What is the best coaching question you can ask according to best-selling author of The Coaching Habit and Do More Great Work, Michael Bungay Stanier? Find out in this week’s interview.
AWE: The Best Coaching Question You Can Ask
By Marshall Goldsmith
Michael Bungay Stanier is a fantastic coach and author, who has written two books The Coaching Habit and Do More Great Work, which have sold close to 600,000 copies. Recently ranked by Thinkers50 as one of the top 8 coaches in the world, Michael is a member of our 100 Coaches and senior partner of Box of Crayons. Michael’s coaching incorporates asking questions. In this week’s interview Michael gives us what he believes is the important coaching question you can ask.
Marshall: Michael, I love your philosophy and I love the idea of asking questions. If you had to say what is that one question that’s the most important, what is it?
Michael: I love that you ask me that because in the book I share seven questions which will be great ask nearly every time you are coaching. And then I get asked all the time, so what’s your favorite question? Of those seven, what’s your favorite question?
Marshall: And, what’s the one?
Michael: I love them all. I don’t have children, but if I did have children, they’d be like my children. They’re all great in their own way. But if there was one question, I would say this is the best coaching question in the world.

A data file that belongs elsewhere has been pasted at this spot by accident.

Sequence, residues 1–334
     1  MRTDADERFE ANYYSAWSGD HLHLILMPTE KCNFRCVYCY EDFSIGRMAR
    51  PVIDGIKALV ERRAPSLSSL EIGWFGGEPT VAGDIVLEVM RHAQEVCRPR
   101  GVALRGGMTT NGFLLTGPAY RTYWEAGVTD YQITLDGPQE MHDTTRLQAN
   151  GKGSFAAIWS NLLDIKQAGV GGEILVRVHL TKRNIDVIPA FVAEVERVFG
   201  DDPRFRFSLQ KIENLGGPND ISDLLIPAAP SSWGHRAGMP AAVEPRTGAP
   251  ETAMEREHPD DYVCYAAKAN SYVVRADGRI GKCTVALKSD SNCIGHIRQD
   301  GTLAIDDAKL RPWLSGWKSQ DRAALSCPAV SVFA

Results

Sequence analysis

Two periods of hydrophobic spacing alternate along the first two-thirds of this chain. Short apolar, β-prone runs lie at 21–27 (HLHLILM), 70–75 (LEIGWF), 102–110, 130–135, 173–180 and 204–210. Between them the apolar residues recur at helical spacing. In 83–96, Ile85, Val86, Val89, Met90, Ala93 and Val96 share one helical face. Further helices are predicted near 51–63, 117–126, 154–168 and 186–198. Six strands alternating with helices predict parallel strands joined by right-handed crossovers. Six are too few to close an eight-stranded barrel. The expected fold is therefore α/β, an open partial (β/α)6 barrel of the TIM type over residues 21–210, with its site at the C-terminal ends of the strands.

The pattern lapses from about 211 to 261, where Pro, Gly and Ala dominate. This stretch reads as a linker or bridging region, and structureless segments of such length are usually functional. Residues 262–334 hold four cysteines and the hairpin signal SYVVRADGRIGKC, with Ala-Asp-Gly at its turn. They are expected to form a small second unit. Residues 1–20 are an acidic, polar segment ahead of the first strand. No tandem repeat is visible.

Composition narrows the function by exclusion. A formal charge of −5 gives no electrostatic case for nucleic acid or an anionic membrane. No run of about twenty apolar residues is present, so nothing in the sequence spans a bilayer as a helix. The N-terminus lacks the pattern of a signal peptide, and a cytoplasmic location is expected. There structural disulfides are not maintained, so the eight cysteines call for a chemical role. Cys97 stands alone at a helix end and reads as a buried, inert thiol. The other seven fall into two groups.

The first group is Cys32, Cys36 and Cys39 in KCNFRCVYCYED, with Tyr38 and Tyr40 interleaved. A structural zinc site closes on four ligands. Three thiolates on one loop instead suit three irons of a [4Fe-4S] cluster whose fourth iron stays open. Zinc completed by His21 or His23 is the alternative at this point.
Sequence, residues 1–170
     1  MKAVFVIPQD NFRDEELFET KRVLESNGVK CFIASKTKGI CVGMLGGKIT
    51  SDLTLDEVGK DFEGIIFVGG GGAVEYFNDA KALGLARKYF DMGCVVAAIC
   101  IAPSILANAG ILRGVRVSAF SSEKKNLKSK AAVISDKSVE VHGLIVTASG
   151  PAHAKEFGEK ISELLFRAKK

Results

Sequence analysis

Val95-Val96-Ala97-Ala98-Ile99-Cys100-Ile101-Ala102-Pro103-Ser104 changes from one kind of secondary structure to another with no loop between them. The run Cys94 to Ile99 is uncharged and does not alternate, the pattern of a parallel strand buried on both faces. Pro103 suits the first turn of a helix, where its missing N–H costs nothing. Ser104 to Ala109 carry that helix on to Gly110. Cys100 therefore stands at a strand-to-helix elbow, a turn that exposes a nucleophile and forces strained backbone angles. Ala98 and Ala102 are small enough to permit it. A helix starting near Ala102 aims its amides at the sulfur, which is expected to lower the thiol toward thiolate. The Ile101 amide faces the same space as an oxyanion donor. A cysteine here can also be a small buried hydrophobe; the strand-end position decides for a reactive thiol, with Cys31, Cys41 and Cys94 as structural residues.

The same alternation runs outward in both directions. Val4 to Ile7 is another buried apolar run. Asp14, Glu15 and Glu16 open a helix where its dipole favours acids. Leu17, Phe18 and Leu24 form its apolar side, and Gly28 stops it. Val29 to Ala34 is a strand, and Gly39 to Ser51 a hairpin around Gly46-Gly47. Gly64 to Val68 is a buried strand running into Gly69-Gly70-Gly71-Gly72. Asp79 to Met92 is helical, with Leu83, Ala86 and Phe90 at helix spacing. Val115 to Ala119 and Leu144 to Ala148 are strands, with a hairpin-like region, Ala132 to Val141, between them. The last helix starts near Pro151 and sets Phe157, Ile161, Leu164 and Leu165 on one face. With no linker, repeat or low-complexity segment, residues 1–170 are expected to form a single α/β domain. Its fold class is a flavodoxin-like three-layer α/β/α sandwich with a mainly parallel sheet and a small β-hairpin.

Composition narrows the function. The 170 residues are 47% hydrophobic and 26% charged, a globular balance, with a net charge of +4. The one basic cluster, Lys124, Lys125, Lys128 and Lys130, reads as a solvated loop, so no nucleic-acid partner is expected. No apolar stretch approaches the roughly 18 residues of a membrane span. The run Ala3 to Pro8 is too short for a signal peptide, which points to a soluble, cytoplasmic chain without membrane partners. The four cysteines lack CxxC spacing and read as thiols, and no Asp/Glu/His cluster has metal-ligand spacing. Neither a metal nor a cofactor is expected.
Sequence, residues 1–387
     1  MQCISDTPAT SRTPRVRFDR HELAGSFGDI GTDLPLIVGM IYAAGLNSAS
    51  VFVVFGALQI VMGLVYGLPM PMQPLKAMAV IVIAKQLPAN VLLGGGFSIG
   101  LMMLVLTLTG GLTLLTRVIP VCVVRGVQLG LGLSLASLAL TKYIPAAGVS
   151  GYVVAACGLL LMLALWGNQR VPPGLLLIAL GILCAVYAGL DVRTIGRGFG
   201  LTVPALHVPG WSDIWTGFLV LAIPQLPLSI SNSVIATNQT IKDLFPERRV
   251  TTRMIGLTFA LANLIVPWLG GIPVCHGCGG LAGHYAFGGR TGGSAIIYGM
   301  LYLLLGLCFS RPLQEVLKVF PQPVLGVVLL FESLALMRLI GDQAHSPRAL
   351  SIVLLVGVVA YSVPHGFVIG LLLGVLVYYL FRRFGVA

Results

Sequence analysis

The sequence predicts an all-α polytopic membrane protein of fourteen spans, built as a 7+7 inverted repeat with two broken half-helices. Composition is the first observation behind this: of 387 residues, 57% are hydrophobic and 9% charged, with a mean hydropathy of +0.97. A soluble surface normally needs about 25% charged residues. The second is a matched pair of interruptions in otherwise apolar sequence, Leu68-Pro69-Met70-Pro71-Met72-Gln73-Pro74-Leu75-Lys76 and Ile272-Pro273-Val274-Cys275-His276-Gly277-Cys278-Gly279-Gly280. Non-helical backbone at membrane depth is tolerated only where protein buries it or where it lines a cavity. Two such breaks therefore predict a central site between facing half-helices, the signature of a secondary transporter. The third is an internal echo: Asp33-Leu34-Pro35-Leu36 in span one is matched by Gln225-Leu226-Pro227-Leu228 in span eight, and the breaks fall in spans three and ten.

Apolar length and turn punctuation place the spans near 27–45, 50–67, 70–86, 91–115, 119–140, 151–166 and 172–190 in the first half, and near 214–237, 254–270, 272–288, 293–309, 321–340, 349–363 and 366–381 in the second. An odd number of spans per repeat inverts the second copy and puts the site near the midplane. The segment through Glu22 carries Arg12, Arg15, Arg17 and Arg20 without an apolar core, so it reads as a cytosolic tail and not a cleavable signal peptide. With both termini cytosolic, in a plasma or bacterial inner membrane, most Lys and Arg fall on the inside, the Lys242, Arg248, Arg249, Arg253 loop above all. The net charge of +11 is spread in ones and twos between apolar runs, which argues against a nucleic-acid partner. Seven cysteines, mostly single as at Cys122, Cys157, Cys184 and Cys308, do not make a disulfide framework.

Marshall: What is it?
Michael: It’s three words. Just three words. The acronym for the three words is A W E, so it’s literally an awesome question. And question is this: “And what else?”
Marshall: And what else?
Michael: “And what else?” I know when I tell people that’s the best coaching question in the world, there’s almost a palpable sense of anticlimax in the room. They think, ‘Oh I thought it was going to be something amazing. Something that would open up the universe…’
Marshall: It does!
Michael: Well, thank you for saying that. Here is why “And what else?” is so powerful. Two reasons. First, the first answer somebody gives you is almost never their only answer and it’s rarely their best answer.
So, if you lead with any of the other questions, like “What’s the real challenge here for you?” Or “What do you want?” Or, “What was most valuable from this conversation?” They’ll give you their first answer and then you go, great, “And what else?” And they’ll always have something else to say, so you’re helping them learn. You’re helping to be a teacher for them.
Here’s the second reason “And what else?” is so powerful. It’s a self-management tool. Most people struggle to keep curious in conversations. And when you ask something like, so “What’s the challenge here?” And they give you an answer. Part of you thinks, ‘Oh, this is amazing. We’ve found an answer. Let’s get on that.’ And what I would call the ‘advice monster’ springs up out of the dark and starts adding value to the conversation.
What you’re trying to do, though, is to tame your advice monster. Keep it quiet in the background. Asking “And what else?” is a self-management tool to keep your advice monster quiet, to stay curious a little bit longer, and to see where this conversation leads.
Marshall: I love it.
Michael: So if you’re going to add one coaching question to your repertoire, make it “And what else?”
Marshall: “And what else?” Thank you!